New Edinburgh headquarters and saleroom for Bonhams

Bonhams will unveil its new headquarters and saleroom in Edinburgh this August, during the city’s Festival Fringe and International Festival, when the world of culture and arts looks to Scotland’s capital.

The new building, a five-storey double-fronted townhouse in Melville Crescent, New Town, will house the specialist departments and valuations team as well as a large new saleroom. A new exhibition space on the ground floor will host its debut show, spotlighting some of Bonhams most remarkable pieces that will be offered from across the globe.

The Best of Bonhams exhibition, which will mark the opening, draws on star lots from Bonhams forthcoming sales. It will celebrate the breadth of sales and specialisms across the international auction house, with works by Pierre-Auguste Renoir, including an oil on canvas painting, Deux femmes en promenade, from 1906 with an estimate of £200,000–£300,000 to the depiction of ‘A Cup Tie at Crystal Palace, Corinthians v Manchester City’ by the acclaimed English artist, Charles Cundall, noted for his topographical subjects and townscapes, estimated at £100,000–£150,000.

Pierre-Auguste Renoir, oil on canvas painting, Deux femmes en promenade, 1906.
Pierre-Auguste Renoir, oil on canvas painting, Deux femmes en promenade, 1906

Glamour, suave and sophistication will also be apparent, with the inclusion of one of Sir Roger Moore’s classic dinner suits with an estimate of £1,000–1,500. Sir Roger Moore played the spy, James Bond, in a total of seven films.  Sir Roger Moore: The Personal Collection will go under the hammer at Bonhams New Bond Street this October.


May Matthews, Managing Director of Bonhams Scotland, said: “This is an exceptionally exciting time for Bonhams Scotland. Our new saleroom at Melville Crescent in the heart of Edinburgh is a step-up in our ambitions to expand the opportunities for Scottish clients to offer their art and collectables to the world.  Combined with our new sales calendar, and a dynamic programme of exhibitions, we will be providing an unbeatable platform for Scotland.”

Highlights from Bonhams Scotland forthcoming sales calendar include:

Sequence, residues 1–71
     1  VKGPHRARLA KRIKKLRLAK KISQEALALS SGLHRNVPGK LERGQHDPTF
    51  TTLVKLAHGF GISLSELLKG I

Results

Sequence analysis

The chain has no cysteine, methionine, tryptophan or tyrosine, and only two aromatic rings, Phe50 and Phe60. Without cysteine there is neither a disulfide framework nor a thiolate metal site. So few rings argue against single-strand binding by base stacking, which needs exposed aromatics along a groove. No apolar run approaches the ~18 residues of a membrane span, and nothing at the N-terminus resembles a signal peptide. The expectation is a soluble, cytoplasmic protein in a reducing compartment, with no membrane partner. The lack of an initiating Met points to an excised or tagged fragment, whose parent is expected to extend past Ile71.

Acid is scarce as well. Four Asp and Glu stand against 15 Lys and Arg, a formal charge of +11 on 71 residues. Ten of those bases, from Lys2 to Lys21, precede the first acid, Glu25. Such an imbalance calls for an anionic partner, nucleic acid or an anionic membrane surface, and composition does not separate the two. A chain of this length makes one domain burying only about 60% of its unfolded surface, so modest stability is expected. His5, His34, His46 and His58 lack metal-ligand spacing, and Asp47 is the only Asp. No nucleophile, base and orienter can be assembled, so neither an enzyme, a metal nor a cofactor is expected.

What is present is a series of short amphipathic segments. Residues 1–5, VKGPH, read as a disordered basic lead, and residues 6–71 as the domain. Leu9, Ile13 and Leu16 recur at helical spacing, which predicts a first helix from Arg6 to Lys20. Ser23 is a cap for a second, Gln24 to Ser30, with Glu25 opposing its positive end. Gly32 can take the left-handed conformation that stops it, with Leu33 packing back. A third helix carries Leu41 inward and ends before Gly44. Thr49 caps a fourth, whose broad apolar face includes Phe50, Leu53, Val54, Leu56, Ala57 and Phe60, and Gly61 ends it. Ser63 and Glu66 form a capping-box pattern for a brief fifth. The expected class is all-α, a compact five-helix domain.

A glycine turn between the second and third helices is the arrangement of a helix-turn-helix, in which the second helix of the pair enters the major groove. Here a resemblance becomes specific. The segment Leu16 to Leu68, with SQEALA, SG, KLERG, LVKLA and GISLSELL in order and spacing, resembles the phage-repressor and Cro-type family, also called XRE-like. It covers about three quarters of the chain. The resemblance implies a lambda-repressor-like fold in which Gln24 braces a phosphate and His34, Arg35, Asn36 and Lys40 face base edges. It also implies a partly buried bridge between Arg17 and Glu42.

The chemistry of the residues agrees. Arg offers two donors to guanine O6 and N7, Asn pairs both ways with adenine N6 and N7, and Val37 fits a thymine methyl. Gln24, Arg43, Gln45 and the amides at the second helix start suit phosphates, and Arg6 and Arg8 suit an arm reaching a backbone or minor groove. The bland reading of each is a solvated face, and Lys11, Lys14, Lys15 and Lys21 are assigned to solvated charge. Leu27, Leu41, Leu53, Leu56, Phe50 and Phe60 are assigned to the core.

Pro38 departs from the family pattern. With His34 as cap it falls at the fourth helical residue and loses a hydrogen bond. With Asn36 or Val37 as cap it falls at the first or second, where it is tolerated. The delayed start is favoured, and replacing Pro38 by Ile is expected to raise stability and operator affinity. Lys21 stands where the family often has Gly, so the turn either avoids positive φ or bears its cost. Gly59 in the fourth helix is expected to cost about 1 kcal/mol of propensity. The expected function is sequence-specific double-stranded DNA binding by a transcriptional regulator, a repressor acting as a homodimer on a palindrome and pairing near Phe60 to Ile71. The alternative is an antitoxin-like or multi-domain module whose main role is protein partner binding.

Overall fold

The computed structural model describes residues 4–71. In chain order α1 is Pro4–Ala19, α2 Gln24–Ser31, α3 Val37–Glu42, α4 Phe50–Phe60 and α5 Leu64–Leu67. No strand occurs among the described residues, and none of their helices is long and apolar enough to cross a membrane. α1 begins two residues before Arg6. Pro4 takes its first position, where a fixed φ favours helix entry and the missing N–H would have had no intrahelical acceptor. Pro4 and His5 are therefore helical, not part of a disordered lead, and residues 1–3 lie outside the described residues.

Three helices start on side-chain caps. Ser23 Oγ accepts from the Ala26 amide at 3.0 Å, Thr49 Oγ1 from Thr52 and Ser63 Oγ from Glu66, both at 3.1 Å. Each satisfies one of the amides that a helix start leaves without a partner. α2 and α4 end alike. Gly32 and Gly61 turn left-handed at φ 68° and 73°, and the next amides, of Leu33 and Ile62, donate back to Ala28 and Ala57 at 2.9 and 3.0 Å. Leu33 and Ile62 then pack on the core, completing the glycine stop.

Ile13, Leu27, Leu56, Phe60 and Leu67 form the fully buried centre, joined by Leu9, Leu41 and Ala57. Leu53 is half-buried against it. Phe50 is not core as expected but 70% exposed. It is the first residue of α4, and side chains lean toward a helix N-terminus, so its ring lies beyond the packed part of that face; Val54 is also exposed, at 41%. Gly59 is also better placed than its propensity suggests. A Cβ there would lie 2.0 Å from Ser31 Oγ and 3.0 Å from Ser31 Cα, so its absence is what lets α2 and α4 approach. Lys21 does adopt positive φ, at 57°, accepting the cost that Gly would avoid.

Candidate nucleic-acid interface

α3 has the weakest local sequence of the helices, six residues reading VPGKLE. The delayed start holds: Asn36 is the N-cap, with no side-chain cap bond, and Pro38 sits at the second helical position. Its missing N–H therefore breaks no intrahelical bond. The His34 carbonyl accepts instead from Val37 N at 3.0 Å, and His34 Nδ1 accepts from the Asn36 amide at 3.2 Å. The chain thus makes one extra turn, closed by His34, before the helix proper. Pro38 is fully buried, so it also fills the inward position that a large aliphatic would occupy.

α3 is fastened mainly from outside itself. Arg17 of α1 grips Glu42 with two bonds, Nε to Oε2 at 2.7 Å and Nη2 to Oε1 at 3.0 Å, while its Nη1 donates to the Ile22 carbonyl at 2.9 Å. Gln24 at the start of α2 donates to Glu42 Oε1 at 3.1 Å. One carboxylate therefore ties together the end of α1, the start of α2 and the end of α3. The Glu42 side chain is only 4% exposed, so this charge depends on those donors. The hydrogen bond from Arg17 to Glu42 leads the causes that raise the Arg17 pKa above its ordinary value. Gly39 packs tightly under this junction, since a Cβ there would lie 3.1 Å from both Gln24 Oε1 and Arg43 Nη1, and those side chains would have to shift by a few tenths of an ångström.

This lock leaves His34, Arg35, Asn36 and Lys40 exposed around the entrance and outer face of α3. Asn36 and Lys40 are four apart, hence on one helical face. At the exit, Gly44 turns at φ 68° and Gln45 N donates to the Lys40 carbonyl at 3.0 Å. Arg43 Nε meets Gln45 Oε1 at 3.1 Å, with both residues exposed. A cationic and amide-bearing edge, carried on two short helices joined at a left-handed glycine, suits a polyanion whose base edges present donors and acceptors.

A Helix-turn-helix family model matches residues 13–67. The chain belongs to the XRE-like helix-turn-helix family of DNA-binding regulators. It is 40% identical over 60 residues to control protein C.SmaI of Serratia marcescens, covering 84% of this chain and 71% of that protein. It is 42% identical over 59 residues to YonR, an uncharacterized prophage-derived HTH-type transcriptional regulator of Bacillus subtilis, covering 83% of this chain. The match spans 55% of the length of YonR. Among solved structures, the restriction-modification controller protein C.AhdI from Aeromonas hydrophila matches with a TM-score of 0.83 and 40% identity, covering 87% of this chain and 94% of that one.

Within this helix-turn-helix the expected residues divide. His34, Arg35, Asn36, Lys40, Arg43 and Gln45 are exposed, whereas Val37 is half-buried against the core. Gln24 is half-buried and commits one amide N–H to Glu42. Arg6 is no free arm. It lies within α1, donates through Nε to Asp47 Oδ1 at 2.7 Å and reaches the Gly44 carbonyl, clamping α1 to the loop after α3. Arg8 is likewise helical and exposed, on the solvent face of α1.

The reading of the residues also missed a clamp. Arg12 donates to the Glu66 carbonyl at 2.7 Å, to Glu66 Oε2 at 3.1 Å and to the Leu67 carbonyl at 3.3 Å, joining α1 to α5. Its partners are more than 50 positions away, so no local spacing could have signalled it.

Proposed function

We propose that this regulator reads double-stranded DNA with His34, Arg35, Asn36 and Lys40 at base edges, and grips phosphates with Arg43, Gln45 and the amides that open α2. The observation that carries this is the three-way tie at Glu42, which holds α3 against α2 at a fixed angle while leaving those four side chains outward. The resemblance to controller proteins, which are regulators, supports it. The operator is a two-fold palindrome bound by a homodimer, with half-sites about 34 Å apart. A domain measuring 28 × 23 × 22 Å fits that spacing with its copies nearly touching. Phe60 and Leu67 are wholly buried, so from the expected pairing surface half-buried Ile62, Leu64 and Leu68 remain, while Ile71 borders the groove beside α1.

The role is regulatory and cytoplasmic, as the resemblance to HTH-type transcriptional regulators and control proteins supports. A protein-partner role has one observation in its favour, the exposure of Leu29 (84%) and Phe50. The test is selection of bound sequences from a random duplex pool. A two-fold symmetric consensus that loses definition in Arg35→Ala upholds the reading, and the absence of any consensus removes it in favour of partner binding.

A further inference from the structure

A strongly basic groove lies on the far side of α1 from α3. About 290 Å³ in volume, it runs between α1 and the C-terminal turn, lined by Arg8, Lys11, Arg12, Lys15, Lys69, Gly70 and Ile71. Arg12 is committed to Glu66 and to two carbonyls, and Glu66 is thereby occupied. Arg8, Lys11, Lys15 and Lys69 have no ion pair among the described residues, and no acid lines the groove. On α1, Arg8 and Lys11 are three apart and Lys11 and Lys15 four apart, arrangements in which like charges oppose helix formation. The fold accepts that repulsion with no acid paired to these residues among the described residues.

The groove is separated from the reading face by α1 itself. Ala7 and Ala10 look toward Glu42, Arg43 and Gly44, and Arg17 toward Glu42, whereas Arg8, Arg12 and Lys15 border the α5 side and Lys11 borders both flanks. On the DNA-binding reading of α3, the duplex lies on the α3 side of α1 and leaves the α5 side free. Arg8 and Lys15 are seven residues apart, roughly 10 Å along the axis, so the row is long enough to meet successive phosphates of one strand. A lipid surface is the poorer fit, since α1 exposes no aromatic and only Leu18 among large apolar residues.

The Scottish and Celtic Sale on September 14 which will feature what is believed to be one of the largest nuggets of gold found in Scotland. Discovered in a river on the Scottish Boarders, the nugget has an estimate of £5,000–£7,000.  Other fascinating lots include a Highlander’s silver mounted dress set from 1911, comprising a dirk, skean dhu and plaid brooch, belt buckle and sporran, with an estimate of £5,000–£7,000. Exquisite and rare examples of Jacobite glass will also be offered, including a Jacobite airtwist wine glass, engraved with rose and thistle blooms from a single stem circa 1750, and a Jacobite diamond point engraved Baluster goblet, circa 1720, both with an estimate of £3,000–£4,000. Highly collectable, Jacobite wine glasses and goblets were used to honour Bonnie Prince Charlie and his father James Francis Edward Stuart.

A rare, engraved Jacobite airtwist wine glass (crown thistle rose) circa 1750

The Scottish Art Sale on October 11 will have a particular focus on Scottish Art from the West Coast, featuring works by the Scottish Colourists (Samuel John Peploe, Francis Campbell Boileau Cadell, George Leslie Hunter and John Duncan Fergusson) who were active in the early twentieth century. The Scottish Colourists spent time in France and were influenced by the vibrant work of the French Fauvist artists, adopting their use of bold colour and free brushwork. Highlights in this sale include Yachts, an oil on canvas (1927), by John Duncan Fergusson RBA (1874 1961) with an estimate of £80,000–£120,000 and Corrie, Arran, an oil on canvas by John Maclauchlan Milne (1886-1957), often referred to as the ‘missing Colourist’, with an estimate of £20,000-30,000. Works by George Leslie Hunter, Anne Redpath and Joan Eardley will also be featured.

Yachts, oil on canvas (1927), by John Duncan Fergusson RBA

Other lots of particular interest will include the work of artist, May Reid, who embarked on a prolific academic career at The Glasgow School of Art, where she studied from 1914 to 1921.  Night and Day, dated 1920, is an oil on canvas, offered with an estimate of £7,000 – 10,000. Reid married the Scottish poet and writer Andrew Robert Tannahill and together they became members of the cultural elite of Glasgow from the 1920s to the 60s.

Corrie, Arran, oil on canvas by John Maclauchlan Milne
Corrie, Arran, oil on canvas by John Maclauchlan Milne. Estimate of £20,000-£30,000